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Agenda control in coalition formation

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  • BLOCH, Francis

    (Institut de recherches économiques et sociales (IRES), Department of Economics, and Center for Operations Research and Econometrics (CORE), Université catholique de Louvain (UCL), Louvain la Neuve, Belgium)

  • ROTTIER, Stéphane

    (Institut de recherches économiques et sociales (IRES), Department of Economics, Université catholique de Louvain (UCL), Louvain la Neuve, Belgium)

Abstract

Theoretical models of government formation in political science usually assume that the head of state is non-strategic. In this paper, we analyze the power of an agenda setter who chooses the order in which players are recognized to form coalitions in simple games. We characterize those sets of players which can be imposed in the equilibrium coalition and show that the only decisive structures where the agenda setter can impose the presence of any minimal winning coalition are apex games, where a large player forms a winning coalition with any of the small players.

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Bibliographic Info

Paper provided by Université catholique de Louvain, Center for Operations Research and Econometrics (CORE) in its series CORE Discussion Papers with number 1999067.

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Date of creation: 31 Dec 1999
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Handle: RePEc:cor:louvco:1999067

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  1. Ray, D. & Vohra, R., 1996. "A Theory of Endogenous Coalition Structure," Papers 68, Boston University - Industry Studies Programme.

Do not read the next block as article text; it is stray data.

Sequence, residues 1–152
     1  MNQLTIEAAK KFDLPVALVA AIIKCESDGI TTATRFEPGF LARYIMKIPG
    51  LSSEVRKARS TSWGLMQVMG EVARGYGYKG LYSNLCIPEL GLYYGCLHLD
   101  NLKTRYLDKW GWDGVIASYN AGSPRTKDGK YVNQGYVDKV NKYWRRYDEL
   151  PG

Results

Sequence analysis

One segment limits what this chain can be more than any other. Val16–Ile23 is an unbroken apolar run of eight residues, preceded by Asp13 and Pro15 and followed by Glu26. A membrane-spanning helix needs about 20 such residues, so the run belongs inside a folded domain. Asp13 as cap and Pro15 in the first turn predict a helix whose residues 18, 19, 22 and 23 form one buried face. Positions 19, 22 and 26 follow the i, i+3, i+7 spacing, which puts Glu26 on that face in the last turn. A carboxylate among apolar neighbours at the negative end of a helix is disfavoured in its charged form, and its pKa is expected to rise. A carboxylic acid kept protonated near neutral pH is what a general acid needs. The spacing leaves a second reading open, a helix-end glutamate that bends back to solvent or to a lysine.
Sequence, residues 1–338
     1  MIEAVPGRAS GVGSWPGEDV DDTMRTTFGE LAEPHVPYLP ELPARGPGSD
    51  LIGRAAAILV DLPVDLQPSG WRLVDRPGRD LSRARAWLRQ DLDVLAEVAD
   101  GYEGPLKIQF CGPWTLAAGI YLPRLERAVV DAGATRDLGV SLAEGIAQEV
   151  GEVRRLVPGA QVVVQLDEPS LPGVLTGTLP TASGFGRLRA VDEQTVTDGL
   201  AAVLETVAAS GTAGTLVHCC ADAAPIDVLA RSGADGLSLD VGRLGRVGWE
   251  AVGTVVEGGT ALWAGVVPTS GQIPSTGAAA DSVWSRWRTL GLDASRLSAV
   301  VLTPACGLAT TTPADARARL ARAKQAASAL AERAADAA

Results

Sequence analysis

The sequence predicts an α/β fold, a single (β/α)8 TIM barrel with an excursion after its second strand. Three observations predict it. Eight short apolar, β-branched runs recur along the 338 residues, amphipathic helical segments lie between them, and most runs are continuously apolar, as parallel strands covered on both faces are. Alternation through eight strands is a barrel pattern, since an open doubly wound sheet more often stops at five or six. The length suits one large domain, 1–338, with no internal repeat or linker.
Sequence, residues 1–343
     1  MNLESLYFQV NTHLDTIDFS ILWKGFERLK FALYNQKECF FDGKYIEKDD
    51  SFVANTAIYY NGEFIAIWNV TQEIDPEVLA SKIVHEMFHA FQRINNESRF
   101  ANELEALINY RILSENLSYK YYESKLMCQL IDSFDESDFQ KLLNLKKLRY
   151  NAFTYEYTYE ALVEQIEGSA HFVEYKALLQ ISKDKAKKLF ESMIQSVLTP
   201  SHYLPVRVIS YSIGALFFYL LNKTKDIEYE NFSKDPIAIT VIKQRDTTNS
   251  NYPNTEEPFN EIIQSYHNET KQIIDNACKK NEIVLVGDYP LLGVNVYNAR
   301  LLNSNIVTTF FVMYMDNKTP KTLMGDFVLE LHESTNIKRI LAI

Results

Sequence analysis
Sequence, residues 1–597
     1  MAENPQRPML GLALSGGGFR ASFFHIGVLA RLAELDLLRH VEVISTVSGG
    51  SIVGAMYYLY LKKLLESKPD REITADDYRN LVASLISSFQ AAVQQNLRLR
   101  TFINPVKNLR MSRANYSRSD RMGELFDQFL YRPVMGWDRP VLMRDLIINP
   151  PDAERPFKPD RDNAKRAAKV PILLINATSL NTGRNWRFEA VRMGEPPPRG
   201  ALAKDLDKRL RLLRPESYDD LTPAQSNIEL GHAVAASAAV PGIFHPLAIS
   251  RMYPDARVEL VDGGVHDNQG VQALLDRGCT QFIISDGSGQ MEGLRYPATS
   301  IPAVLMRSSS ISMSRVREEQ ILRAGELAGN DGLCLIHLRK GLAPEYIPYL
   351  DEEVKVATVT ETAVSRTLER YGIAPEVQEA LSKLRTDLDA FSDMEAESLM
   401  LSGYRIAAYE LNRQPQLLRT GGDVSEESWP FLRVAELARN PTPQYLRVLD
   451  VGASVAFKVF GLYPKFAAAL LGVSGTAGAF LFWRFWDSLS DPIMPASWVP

2. Chatterjee, Kalyan & Bhaskar Dutta & Debraj Ray & Kunal Sengupta, 1993. "A Noncooperative Theory of Coalitional Bargaining," Review of Economic Studies, Wiley Blackwell, vol. 60(2), pages 463-77, April.
  3. Austen-Smith, David & Banks, Jeffrey., 1987. "Elections, Coalitions, and Legislative Outcomes," Working Papers 643, California Institute of Technology, Division of the Humanities and Social Sciences.
  4. Daniel Diermeier & Antoni Merlo, 1999. "An Empirical Investigation of Coalitional Bargaining Procedures," Discussion Papers 1267, Northwestern University, Center for Mathematical Studies in Economics and Management Science.
  5. Merlo, Antonio, 1997. "Bargaining over Governments in a Stochastic Environment," Journal of Political Economy, University of Chicago Press, vol. 105(1), pages 101-31, February.
  6. Thomas Romer & Howard Rosenthal, 1978. "Political resource allocation, controlled agendas, and the status quo," Public Choice, Springer, vol. 33(4), pages 27-43, December.
  7. Weber, Robert J., 1994. "Games in coalitional form," Handbook of Game Theory with Economic Applications, in: R.J. Aumann & S. Hart (ed.), Handbook of Game Theory with Economic Applications, edition 1, volume 2, chapter 36, pages 1285-1303 Elsevier.
  8. Banks, Jeffrey S., 1984. "Sophisticated Voting Outcomes and Agenda Control," Working Papers 524, California Institute of Technology, Division of the Humanities and Social Sciences.
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Cited by:
  1. Montero, Maria & Vidal-Puga, Juan J., 2011. "Demand bargaining and proportional payoffs in majority games," Games and Economic Behavior, Elsevier, vol. 71(2), pages 395-408, March.
  2. Maria Montero & Juan Vidal-Puga, 2005. "Demand commitment in legislative bargaining," Game Theory and Information 0511005, EconWPA.
  3. Maria Gallego, David Scoones, 2005. "The Art of Compromise," Working Papers eg0042, Wilfrid Laurier University, Department of Economics, revised 2005.
  4. B. Douglas Bernheim & Antonio Rangel & Luis Rayo, 2002. "Democratic Policy Making with Real-Time Agenda Setting: Part 1," NBER Working Papers 8973, National Bureau of Economic Research, Inc.

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